Wednesday, 27 April 2011

The old ways are sometimes the best way ... ...

Over the last few years I've become some what obsessed with experimenting on the garden, seeing how far things can be tweaked in order to get the most out of things, and more often than not I've found that gardeners of old knew their stuff.

It seems that the simple way of doing things is most likely the best way, for example how many different types of plant food can you buy ? there are a few, they do this and that and are good for this type of plant or that type of plant, does this mean then that in order to get the best out of things you need a shed full of potions and powders for everything you intend to grow ?

I've reached the conclusion that you don't, in fact I've found that the old fashion way does pretty well, people have been growing stuff for thousands of years, and although the plants we grow are slightly different, they are on a basic level the same, forget all your f1 hybrid varieties and such like, they are plants, and plants like any living thing need things to be right in order to grow, but this doesn't mean using a myriad of chemicals to achieve that, the gardeners of old didn't have them and they did okay.

I have a book, it's a small book that my wife got me, and it's great and sometimes a little odd, but all of the things I've tried from it work, and they are pretty simple things.

Here's the book -

It's a great book.
Like I said it has some unusual things in it, but I guess it's how things used to be done, before we got all this new technology, for example the next picture is taken from a page in the book, it shows what I'm getting at, and if nothing else it adds a touch of humour into the mix, which is good.

I can't say I've tried this myself -

Frost bite anyone ?
Now I have heard this before, and to be honest I can imagine this method being used years ago, before thermometers and other temperature gauges, not sure I'll be trying it, don't think the neighbours would cope with my bare backside first thing in the morning ;-) but (no pun intended) I can see how this works, seeds generally germinate better when the soil is warm, although I tend to use my hands, if the soil feels cold a few inches down then you might want to hold off planting things out, unless you use a cloche or something to warm the soil first.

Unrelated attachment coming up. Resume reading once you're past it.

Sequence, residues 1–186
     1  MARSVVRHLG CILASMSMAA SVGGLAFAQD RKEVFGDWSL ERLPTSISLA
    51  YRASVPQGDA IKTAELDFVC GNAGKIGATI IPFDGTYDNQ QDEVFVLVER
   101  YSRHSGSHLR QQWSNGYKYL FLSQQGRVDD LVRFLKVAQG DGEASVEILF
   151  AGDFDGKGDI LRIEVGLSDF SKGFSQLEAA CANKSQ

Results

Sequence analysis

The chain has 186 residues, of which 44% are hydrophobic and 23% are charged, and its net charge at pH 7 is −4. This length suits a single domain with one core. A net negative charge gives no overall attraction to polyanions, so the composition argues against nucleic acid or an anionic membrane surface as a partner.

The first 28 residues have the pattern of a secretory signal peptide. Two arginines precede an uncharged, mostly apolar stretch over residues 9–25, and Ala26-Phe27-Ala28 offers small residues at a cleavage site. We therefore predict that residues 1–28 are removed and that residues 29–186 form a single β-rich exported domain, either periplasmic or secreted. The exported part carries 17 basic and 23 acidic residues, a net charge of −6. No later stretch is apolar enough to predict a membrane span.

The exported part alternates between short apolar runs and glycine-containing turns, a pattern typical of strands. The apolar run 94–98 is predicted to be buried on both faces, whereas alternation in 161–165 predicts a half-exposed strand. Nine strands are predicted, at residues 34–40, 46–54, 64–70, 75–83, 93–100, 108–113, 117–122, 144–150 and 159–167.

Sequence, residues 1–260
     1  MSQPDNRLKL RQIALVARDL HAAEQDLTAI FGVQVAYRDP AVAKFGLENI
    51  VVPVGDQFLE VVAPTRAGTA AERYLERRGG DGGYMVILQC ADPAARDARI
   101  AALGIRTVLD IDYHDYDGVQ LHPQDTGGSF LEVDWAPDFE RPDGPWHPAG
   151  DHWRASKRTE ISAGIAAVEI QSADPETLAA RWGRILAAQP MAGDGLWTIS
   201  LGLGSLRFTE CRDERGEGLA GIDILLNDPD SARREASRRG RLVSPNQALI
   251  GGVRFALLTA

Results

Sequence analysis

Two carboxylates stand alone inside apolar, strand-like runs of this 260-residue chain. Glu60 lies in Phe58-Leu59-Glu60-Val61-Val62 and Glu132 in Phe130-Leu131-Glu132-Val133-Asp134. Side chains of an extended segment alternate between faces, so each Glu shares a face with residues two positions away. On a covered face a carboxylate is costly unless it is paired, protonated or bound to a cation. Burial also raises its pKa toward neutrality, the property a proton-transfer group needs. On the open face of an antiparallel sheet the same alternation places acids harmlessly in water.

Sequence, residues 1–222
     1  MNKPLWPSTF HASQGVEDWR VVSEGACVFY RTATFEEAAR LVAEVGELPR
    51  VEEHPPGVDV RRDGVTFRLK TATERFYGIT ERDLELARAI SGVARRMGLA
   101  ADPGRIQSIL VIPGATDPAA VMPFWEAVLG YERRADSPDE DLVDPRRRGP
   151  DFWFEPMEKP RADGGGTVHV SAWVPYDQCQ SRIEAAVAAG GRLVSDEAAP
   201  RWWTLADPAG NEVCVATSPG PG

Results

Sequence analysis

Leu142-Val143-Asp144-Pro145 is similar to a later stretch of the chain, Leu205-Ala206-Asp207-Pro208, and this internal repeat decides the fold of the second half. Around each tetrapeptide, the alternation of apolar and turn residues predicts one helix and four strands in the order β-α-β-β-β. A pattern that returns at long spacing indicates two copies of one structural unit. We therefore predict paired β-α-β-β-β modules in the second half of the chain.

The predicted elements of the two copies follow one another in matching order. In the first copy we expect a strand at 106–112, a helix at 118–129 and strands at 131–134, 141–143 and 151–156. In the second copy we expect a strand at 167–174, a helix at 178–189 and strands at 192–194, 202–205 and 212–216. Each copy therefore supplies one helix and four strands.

Yes there is a fair bit of folklore in the book, but again it came from somewhere, so at some point these things were tried out, and perhaps used year after year, and some of the things I have to wonder about, for example the next picture taken from the book mentions the planting of parsley, which apparently according to folklore has to be planted by the lady of the house, I grow parsley it doesn't seem to mind that I'm a bloke, so this got a raised eyebrow, I'll let you read it.

A little non pc perhaps ? -

Good stuff is parsley :-)

Okay so this probably isn't going to go down too well if you try telling your other half she has to plant the parsley, some folklore isn't always helpful.

However there are some very useful tips in this book, for example marigolds, these are great, you can plant them amongst a lot of plants and they will help to keep pests away, it's because of chemicals that come from their roots, and the scent of them is also a warning, we plant them all over the place, and it works, most pests will stay well away from them, and it's not like they are an ugly flower, a lot of people like them.

In the next picture marigolds are mentioned but it also mentions companion planting, which again is worth reading up on, see some plants when planted with other plants will do better than they would on their own because each plant brings something that the other ones can benefit from, whether it be marigolds helping to ward of pests or plants like peas and beans that hold nitrogen in their roots, which is good for growing sweetcorn, so planting your corn with your beans and peas should give you a better corn crop, there are loads of good articles online and in books about companion planting, it's a very useful way of growing things, even more so if you have a small amount of land for growing.